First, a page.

As the NBA season approaches and training camps get underway, we’ll be taking a look at the player on each team that holds the key to unlocking their full potential.
In Chicago, which overhauled the roster this offseason, there are plenty of options to choose from. But here, we’ll focus on their new point guard, Lonzo Ball. The Bulls gave Ball a handsome new contract and expect him to be the point guard they’ve been seeking for years, as Bulls fans now have hopes of a new star backcourt tandem between he and Zach LaVine. There are plenty of other new players that Billy Donovan will have to sort out in terms of scheme and rotations, but we know, mostly, what to expect from veterans like Nikola Vucevic and new addition DeMar DeRozan.
For the Bulls to make the leap not just into playoff contention but into the tier above the play-in in the East, a lot falls on the shoulders of Lonzo. He has long carried a reputation as a strong defender, but his best work comes off the ball rather than as a point of attack stopper — you can read in detail about that here. It is this conundrum that presents some real questions in Chicago, where it seems the expectation that he will be leading the defense at the point of attack at times given the construction of the roster around him — although Alex Caruso can alleviate that pressure when on the court. Figuring out how to maximize his defensive gifts, which tend to be his ability to anticipate and jump into passing lanes and make the right reads on when to send help from the perimeter, while understanding the Bulls need of an on-ball defender will be the most difficult task for Donovan.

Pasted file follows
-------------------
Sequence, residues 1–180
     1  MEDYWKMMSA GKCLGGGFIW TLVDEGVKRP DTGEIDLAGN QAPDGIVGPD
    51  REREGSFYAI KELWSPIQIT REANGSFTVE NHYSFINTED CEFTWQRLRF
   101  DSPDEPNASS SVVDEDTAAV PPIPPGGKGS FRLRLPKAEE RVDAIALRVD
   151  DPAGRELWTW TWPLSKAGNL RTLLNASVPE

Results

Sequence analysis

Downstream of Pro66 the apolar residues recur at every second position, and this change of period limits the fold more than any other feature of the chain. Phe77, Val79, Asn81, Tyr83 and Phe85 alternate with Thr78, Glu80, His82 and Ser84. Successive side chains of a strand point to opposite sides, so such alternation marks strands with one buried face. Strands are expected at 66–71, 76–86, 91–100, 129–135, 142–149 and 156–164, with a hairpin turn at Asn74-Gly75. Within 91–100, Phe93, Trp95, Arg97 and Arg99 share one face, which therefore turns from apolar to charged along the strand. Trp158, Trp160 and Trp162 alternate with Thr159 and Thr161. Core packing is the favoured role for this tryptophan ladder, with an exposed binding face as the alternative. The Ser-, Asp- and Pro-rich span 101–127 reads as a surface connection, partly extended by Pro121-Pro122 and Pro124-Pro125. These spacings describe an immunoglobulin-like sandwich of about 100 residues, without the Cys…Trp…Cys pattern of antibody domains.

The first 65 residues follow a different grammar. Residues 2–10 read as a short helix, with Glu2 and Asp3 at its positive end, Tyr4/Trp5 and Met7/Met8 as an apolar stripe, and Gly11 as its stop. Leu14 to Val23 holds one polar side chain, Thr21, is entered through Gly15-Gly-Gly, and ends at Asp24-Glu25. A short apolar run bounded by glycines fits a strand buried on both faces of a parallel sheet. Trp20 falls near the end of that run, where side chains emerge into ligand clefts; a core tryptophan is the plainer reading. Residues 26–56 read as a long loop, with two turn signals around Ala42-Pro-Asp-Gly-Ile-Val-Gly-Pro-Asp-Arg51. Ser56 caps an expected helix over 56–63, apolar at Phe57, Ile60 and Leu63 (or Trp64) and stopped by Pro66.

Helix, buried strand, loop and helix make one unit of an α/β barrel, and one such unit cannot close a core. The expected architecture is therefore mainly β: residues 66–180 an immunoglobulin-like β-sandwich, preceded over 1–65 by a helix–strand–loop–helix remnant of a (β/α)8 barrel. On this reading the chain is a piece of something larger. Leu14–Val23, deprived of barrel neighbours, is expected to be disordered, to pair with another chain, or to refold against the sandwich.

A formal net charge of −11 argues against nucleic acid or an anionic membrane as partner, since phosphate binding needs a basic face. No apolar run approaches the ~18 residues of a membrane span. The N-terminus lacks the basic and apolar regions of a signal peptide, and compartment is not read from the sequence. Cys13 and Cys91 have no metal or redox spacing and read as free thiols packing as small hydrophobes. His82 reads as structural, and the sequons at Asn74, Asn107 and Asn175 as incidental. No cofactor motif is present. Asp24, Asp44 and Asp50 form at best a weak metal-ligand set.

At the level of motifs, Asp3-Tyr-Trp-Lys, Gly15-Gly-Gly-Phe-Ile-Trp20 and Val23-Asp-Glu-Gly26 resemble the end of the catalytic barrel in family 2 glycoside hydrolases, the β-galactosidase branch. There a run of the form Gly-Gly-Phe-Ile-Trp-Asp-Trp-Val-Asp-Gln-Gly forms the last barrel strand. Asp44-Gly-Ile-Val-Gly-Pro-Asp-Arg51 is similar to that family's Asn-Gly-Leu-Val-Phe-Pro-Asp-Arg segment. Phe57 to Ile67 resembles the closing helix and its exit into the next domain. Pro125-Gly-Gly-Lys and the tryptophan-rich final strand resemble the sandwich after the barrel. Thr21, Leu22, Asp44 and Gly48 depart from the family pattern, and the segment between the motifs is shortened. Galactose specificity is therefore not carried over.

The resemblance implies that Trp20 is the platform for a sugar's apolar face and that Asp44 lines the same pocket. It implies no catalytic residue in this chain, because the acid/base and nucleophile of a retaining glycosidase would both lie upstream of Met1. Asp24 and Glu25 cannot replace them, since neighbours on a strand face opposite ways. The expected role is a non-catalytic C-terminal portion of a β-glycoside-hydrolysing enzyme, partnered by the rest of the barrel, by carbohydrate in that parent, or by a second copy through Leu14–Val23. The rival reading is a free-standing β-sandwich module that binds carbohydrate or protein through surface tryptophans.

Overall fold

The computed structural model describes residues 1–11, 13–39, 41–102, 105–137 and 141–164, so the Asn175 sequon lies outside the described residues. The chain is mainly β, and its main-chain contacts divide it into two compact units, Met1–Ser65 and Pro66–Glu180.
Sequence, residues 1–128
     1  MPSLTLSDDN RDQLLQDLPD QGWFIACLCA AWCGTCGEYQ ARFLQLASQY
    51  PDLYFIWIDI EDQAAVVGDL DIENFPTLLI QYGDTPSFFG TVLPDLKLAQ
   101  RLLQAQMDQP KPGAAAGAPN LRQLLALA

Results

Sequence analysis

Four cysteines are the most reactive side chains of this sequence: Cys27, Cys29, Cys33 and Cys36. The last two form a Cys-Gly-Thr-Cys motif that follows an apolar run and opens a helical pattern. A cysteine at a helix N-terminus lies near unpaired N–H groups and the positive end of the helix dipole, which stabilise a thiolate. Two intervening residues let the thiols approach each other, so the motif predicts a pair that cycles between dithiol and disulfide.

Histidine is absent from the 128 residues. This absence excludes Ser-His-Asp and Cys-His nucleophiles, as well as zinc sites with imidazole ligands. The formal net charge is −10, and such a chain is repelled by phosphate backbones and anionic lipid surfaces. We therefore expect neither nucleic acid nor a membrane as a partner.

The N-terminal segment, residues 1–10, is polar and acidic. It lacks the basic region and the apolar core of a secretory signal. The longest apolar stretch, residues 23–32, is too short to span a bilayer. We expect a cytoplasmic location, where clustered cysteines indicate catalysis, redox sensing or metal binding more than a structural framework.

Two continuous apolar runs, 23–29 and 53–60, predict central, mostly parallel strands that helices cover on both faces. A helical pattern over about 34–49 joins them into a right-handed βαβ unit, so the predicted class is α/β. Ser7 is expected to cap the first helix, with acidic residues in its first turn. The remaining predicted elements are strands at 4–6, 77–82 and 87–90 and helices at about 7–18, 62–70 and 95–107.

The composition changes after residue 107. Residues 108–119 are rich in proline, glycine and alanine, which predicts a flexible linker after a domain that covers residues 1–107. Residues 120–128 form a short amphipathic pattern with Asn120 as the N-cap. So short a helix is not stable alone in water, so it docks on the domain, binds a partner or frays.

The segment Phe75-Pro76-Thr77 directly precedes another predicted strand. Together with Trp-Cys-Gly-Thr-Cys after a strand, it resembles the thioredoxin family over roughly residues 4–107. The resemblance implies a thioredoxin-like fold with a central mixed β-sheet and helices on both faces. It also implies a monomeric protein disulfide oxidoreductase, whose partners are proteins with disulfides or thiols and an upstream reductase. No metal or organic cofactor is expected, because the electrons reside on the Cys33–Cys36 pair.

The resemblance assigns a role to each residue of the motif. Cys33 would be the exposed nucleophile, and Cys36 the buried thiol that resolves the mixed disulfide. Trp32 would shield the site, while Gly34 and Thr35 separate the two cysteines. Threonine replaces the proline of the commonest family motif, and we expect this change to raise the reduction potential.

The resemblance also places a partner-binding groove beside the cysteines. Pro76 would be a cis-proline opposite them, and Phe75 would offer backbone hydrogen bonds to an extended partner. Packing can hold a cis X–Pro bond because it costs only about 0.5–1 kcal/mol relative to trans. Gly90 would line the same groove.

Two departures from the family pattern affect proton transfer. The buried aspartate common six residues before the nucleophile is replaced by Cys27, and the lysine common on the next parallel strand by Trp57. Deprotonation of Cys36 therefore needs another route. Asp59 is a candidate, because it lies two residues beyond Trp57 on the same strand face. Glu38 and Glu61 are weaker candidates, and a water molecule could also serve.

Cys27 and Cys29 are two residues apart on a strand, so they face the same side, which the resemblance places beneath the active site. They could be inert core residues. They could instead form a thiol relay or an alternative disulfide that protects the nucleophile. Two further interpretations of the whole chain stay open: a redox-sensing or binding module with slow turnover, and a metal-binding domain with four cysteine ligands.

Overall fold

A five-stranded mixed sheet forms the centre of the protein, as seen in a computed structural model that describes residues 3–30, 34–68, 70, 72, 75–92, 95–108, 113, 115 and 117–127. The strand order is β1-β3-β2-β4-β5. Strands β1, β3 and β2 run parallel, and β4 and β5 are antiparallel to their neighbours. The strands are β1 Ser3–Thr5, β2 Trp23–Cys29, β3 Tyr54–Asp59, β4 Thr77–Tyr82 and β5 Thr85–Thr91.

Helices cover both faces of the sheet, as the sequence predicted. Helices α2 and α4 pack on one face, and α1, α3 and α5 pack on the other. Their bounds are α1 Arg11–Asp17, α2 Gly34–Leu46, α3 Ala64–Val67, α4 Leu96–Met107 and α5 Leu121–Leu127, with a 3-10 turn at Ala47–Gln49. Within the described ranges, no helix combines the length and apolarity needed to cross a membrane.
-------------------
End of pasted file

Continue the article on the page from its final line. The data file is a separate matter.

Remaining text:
Offensively, the fit seems much more snug. With LaVine on board (and DeRozan and Vucevic), they don’t need a primary creator, but someone who can finish plays as a shooter or a secondary creator, which is where Ball excels. He’s become a terrific spot-up shooter, something that will please LaVine who has all too often faced collapsing defenses in his time in Chicago, and should defenses rotate too aggressively, Ball can put the ball on the floor and make the right read to take full advantage of a team suddenly caught in rotation. On top of that, Ball and LaVine will immediately become one of the best fastbreak combos in the league, turning opponent mistakes on offense into quick, highlight worthy buckets on the other end.
Given his reputation, it’s odd that I feel far more confident in Ball’s fit in Chicago offensively, but considering the personnel, he’s a terrific fit there. Defense is going to be where the Bulls have the most work to do and how the pieces to that puzzle fall into place is going to be the most challenging task for Billy Donovan. If he can figure that out, or if Lonzo can tap into more as a point-of-attack defender and negate those questions on that end, then the Bulls might just be back.